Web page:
Aitor Ortiz: “I am interested in photography’s inability to explain things and its limitations”.

On the occasion of the recent opening of his exhibition “Gaudí: Intimate Impressions” at Galería Senda we chat with Aitor Ortiz about his approach to the architect’s body of work, his influences and interests related to architecture and industrial processes, and his particular way of understanding photography. We met the Basque artist at Yurbban Passage, where one of his works, “Destructuras 071” (2003), can be seen as soon as we cross the doors.

Your exhibition at Galería Senda, inaugurated last Saturday, January 22, allows us to see Gaudí in a new way, far from the trivialization and massification with which his work is usually portrayed and showcased. We don’t usually see that delicate side that you managed to find and grasp. How did the idea of collecting these “Intimate Impressions” come about?

Precisely, by delving into what we think we know – and don’t really know. When it comes to Gaudí, photography has trivialized the mental picture we have created around his architecture, precisely because of an excess of information. There are millions and millions of photographs that are repeated, each one more exuberant, exotic, saturated, excessive, that have really annulled, basically and in essence, people’s own individual capacity to establish an intimate relationship with his works. Because we all think we know Gaudí’s work, when in fact, nobody – or very few – know it well, because they have not had that direct contact with it.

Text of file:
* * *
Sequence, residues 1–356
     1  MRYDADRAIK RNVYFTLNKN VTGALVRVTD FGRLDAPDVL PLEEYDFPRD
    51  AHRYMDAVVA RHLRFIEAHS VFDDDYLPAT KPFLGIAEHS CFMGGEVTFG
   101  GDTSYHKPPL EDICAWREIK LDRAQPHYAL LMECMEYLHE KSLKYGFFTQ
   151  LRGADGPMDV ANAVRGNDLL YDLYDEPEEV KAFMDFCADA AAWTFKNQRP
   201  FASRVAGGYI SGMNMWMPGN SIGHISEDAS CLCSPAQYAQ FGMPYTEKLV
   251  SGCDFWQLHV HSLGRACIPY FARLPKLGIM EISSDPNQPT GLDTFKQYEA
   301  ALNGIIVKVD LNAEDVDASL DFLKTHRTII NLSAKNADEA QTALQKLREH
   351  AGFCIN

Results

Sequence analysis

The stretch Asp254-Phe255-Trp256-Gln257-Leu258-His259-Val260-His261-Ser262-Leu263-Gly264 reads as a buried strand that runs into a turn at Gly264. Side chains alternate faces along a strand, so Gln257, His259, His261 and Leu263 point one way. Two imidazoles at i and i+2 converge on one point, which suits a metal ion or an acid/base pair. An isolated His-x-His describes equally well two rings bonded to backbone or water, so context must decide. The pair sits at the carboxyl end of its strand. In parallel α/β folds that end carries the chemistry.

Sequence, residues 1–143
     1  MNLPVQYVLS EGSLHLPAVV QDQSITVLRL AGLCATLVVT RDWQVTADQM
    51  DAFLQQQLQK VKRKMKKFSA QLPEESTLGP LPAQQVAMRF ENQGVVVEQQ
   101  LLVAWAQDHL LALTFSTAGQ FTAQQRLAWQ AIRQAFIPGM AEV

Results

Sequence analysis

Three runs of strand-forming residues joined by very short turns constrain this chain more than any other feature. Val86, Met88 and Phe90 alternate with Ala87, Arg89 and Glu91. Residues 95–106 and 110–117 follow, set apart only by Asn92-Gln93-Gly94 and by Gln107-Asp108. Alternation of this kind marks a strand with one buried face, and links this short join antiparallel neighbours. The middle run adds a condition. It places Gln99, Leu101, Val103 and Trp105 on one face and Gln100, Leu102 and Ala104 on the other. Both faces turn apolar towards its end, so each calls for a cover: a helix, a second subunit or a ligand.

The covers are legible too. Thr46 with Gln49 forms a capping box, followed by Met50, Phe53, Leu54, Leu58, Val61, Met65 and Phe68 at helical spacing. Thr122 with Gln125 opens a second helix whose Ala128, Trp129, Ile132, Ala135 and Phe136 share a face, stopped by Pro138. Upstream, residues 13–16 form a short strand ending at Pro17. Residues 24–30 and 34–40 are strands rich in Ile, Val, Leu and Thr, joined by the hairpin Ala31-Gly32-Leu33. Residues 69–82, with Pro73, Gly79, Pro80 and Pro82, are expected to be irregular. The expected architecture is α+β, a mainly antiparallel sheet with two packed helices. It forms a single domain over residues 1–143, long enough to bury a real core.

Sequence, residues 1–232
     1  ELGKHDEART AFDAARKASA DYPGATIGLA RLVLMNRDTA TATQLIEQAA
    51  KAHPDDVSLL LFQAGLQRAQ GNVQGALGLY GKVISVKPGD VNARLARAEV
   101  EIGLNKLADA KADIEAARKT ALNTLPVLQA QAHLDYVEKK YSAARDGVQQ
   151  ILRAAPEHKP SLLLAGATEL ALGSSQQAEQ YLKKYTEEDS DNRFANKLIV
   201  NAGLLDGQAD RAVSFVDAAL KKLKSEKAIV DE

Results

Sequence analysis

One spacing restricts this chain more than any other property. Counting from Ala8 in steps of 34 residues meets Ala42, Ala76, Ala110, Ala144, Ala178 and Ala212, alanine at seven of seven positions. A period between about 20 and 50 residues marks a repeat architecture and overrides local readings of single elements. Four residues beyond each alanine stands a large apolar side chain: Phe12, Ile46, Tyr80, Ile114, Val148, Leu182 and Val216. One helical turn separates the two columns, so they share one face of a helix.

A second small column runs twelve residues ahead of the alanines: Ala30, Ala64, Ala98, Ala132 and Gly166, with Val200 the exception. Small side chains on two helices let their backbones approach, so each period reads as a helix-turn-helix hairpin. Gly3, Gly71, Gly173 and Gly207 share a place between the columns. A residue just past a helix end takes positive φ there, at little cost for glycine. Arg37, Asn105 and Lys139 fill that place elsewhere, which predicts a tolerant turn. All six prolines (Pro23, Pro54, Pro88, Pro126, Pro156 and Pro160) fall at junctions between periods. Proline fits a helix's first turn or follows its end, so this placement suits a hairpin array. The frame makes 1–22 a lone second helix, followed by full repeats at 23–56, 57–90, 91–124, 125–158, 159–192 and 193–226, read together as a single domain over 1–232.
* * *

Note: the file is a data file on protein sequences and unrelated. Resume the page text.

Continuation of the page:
Is there a reason why Gaudí attracted your attention in particular? What motivated this choice?

Truth be told, it was a coincidence. I was given the challenge of photographing some of Gaudí’s works and I must say that initially I felt a certain detachment from his work, but precisely because of those prejudices I had, because of what I had previously seen of the architect. 

And talking more about your work in general, it’s pretty safe to say that your approach to photography is not so much about documenting, but rather, framing and molding an existing space to create a new one. Would you please elaborate a bit more on this way of understanding photography, almost like a sculptural act.

Well, I work with photography, which is a means of representation. But what interests me are the drifts that this medium generates; the inability of photography to explain things and its limitations, despite the fact that we believe otherwise. As a means of representation I work with it, as you say, expanding that documentary capacity. Then, I merge it with other interests that I’m very drawn to, such as architecture and industrial processes.

And how did this interest in the industrial element spring up? 

In the end, where I grew up, Bilbao, has lived through an great process of industrialization or deindustrialization, if you will. The Basque society is absolutely permeable to technology and industry. It is part of my life. All those industrial processes have always interested me a lot; what industrialization means in itself, its impact on the territory, on my overall aesthetic development… That ends up generating a series of influences that make a breeding ground in which I am comfortable.